I just don't see that.

Let me give you some of Belcher's stats from his last two (first two) seasons: In his rookie year, Belcher had 47 tackles. That was while only starting three games and sharing time down the rotation order. In 2010, earning the starting role, Belcher made 15 of 16 starts and recorded 84 tackles, 1 sack and 1 forced fumble.

Although it wasn't as impressive as his teammate's near-Pro Bowl season, Jovan Belcher isn't the first-round draft pick that Derrick Johnson was. In fact, Belcher was an undrafted player out of Maine. Players like Belcher usually don't last long in the NFL let alone acquire a starting role. The fact that Belcher has done this, and has shown improvement in each of his first two seasons, is why I question the thought that we need to improve at the position.

And yet, the Chiefs bring in Brandon Siler to compete for the role. Brandon Siler, who in two more seasons of work only has 30 more tackles than Belcher. The analysts say that Siler is more fundamentally sound and can help stop the run better than Belcher can, so he should see some playing time this season. I don't think, however, that Siler should replace Belcher.

But there are plenty of Chiefs fans and radio commentators that wanted to see Belcher replaced by a big name free agent. Some of these names include: Nick Barnett, Lofa Tatupu, etc. Let's look at the stats some of these players would have brought to the Chiefs.

Nick Barnett is coming off an injury year in which he only played in 4 games and had 24 tackles. Before that, he had 100 tackle seasons in 6 of his 8 seasons with Green Bay, including in 2009. It's hard for me to argue that this wouldn't have been a good signing, but Barnett is 30 years old.

Lofa Tatupu, a Pro Bowler in his first three seasons, was a memorable part of that Seahawks Super Bowl team. However, Tatupu hasn't had a 100 tackle season since 2007, and it seems his career might be coming to an early end due to injuries. Tatupu still put up 88 tackles and 1 sack last year, but he is 5 years older than Belcher.

So, although there are upgrades available at Belcher's position, I want to see what the kid can do in his third year in the league. He seems to be only getting better and I think he's earned the right to prove to us he belongs as an NFL starter. So if it's not broke, why fix it?

Friday, August 5, 2011

"Welcome to the party, pal."

New Chiefs fullback Le’Ron McClain (left) got on the field with the man he will be blocking for this year, running back Jamaal Charles.

A signing I have not addressed yet was the acquisition of Le'Ron McClain on Wednesday. Not only is he the second Ravens player we have gotten in free agency this season (if you can't beat them, sign them), but he is a very solid addition to the reigning rushing champs.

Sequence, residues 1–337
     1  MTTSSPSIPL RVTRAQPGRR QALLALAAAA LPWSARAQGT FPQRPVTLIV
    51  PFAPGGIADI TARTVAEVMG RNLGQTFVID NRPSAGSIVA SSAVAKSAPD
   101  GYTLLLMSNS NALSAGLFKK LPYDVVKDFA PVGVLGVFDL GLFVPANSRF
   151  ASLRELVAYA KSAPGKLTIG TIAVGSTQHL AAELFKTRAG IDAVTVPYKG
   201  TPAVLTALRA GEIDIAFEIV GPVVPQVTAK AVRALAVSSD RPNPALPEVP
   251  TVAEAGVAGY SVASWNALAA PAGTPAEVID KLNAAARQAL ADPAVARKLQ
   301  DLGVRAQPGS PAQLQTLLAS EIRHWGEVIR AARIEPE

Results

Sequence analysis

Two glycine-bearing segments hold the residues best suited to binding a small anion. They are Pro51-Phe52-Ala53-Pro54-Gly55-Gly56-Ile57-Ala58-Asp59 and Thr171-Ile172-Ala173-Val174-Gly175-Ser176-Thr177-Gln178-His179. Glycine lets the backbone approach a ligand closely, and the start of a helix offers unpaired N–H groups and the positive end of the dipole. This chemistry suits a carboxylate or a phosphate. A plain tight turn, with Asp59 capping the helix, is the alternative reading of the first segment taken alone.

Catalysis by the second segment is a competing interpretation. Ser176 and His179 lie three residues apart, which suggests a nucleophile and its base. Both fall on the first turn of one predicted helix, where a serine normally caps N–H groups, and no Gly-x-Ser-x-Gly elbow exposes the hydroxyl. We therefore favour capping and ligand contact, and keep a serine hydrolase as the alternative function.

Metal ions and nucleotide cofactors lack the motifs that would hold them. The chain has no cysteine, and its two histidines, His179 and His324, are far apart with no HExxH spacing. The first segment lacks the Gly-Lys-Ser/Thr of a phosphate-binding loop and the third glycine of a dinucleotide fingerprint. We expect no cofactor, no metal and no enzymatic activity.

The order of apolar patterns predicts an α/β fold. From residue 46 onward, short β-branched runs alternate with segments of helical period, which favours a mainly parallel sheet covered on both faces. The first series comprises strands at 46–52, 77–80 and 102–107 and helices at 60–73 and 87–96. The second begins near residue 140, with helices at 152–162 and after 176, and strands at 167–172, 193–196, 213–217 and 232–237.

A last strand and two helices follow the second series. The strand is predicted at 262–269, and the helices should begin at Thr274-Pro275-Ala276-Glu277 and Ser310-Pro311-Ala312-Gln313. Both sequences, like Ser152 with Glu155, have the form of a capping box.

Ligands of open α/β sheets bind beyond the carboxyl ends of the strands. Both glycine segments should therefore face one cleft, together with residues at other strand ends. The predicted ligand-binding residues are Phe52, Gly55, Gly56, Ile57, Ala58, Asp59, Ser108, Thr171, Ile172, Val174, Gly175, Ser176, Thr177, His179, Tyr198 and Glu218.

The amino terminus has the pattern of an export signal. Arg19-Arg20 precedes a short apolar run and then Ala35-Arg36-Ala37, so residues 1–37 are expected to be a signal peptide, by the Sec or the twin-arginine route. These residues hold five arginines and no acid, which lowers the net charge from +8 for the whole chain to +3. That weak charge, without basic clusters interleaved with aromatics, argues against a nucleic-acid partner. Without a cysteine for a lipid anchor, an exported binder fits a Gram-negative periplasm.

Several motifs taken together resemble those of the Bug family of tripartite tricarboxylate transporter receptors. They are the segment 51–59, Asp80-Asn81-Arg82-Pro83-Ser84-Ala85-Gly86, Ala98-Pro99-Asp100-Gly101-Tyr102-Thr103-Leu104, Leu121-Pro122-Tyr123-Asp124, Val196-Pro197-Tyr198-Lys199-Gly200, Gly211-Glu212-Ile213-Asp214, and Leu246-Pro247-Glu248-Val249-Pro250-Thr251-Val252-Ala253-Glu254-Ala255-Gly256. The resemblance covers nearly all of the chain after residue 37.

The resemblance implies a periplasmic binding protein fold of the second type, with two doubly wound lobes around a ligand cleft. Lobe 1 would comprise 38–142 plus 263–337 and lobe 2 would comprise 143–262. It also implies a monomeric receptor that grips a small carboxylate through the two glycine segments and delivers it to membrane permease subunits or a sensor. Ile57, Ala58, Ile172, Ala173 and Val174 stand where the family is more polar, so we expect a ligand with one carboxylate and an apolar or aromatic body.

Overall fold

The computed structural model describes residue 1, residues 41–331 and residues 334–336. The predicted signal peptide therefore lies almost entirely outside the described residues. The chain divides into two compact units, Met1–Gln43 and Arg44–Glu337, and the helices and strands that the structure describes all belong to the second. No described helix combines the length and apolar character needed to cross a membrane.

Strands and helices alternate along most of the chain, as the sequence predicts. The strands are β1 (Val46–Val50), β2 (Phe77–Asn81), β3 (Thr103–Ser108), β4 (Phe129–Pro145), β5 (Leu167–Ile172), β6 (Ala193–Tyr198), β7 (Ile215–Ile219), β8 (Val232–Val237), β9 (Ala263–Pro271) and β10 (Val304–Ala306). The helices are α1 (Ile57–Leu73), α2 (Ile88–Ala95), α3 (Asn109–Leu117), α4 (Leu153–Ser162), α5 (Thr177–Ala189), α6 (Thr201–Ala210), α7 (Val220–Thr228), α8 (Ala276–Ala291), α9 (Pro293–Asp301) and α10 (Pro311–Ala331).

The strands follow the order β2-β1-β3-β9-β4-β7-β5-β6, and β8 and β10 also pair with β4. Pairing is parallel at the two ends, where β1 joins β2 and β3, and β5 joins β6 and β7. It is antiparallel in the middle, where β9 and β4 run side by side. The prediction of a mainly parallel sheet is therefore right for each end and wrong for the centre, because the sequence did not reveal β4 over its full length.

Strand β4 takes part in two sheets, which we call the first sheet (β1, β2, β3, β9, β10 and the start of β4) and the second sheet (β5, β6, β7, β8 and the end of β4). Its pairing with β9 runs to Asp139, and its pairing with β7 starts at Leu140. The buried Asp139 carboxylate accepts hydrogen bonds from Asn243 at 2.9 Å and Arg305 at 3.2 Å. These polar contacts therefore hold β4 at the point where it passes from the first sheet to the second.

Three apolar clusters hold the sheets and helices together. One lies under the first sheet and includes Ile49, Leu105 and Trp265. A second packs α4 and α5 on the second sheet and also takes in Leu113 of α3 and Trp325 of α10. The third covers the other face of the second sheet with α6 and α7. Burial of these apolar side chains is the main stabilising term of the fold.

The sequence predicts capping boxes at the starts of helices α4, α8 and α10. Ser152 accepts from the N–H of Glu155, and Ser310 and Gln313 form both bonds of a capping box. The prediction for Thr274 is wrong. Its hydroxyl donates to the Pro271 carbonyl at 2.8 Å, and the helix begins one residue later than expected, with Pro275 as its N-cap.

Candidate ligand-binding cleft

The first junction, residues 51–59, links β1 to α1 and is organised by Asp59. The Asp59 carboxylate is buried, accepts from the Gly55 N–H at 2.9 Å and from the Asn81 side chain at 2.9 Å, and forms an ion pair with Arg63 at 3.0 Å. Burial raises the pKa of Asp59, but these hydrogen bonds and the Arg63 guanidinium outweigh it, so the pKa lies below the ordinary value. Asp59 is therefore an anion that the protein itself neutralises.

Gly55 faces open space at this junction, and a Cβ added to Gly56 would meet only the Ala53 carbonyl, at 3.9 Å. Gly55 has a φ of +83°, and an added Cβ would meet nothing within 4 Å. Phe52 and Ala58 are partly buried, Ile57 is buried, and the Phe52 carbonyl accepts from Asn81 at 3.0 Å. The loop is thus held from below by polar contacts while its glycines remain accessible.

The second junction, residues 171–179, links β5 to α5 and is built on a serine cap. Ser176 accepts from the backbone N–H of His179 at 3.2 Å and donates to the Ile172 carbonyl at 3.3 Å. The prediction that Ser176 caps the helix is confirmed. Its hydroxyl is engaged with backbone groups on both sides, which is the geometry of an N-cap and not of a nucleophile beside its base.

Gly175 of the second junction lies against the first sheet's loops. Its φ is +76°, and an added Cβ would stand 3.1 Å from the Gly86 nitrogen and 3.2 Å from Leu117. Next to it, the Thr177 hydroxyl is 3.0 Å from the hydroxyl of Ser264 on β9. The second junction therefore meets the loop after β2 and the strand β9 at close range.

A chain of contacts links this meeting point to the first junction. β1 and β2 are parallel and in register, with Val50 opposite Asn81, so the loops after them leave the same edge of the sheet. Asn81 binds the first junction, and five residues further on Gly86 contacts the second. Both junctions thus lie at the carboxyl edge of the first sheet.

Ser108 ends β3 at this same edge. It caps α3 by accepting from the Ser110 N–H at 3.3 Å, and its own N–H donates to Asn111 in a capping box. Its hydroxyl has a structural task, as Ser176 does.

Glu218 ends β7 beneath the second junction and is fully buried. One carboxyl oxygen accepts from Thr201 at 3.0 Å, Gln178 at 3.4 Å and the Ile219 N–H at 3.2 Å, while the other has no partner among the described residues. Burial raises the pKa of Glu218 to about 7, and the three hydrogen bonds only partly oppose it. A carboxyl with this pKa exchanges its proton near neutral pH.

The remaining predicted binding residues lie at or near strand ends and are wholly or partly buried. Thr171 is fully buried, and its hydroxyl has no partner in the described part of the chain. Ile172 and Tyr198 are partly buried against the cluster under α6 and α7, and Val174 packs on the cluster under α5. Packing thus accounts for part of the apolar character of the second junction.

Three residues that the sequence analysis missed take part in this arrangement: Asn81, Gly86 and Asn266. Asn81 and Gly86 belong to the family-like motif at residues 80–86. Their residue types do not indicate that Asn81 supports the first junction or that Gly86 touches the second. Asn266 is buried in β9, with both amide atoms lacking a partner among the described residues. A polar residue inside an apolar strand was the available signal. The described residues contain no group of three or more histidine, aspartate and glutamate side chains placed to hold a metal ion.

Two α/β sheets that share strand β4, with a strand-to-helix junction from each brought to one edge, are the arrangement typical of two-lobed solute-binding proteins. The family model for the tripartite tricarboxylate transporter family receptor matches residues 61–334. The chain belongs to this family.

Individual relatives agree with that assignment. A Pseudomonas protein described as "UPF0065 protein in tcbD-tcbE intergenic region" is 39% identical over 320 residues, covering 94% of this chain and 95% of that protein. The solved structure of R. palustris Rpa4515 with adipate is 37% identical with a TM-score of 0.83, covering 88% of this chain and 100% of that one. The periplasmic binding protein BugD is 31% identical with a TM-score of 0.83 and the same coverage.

Le'Ron McClain brings to the Chiefs something we haven't had since perhaps Tony Richardson: a very good full back. And the reason he is a very good full back is because he is very versatile. And for full backs, versatile means that he can block, run, and catch.

Versatile is something the Chiefs haven't had at full back lately. In the last two seasons, full backs Mike Cox and Tim Castille have combined for 61 rushing yards on 23 attempts and 197 receiving yards on 28 catches. In the last two seasons, Le'Ron McClain, by himself, has accumulated 165 rushing yards on 74 attempts and 275 receiving yards on 42 receptions. And, if we go back to McClain's 2008 season, we see the potential that McClain can bring to our team: 902 rushing yards (which is more than Thomas Jones had last season) on 232 carries (which is more carries than Jamaal Charles has ever been given during a season) and 123 receiving yards on 19 receptions.

What McClain also brings to the Chiefs is size. The Chiefs may have had the best rushing attack in the NFL last season, but they were worst in the NFL on 3rd and short situations, which is unacceptable. A reason for this could possibly be that they just didn't have the size or skill for such situations (which is probably why Shaun Smith ever got an opportunity). Charles is just 199 lbs and Jones just 212 lbs, so neither are a bigger back type. McClain offers that size, weighing in at 260 lbs, which is more than Cox, Castille, or rookie Shane Bannon.

Coach Todd Haley has already said that McClain will be used first and foremost as a full back, but knowing that McClain has the skills and size to come in and bring something to the table that the Chiefs lacked last season is a welcomed thought. Plus, it seems that McClain is a true team player; here's what he said to the KC Star: